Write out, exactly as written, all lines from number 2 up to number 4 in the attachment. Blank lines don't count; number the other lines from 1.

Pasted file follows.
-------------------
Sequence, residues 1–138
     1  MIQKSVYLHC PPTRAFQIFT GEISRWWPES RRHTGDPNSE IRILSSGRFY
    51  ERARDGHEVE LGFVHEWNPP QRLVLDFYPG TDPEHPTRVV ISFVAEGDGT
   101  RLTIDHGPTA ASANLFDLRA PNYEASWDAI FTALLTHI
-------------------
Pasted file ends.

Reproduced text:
     1  MIQKSVYLHC PPTRAFQIFT GEISRWWPES RRHTGDPNSE IRILSSGRFY
    51  ERARDGHEVE LGFVHEWNPP QRLVLDFYPG TDPEHPTRVV ISFVAEGDGT
   101  RLTIDHGPTA ASANLFDLRA PNYEASWDAI FTALLTHI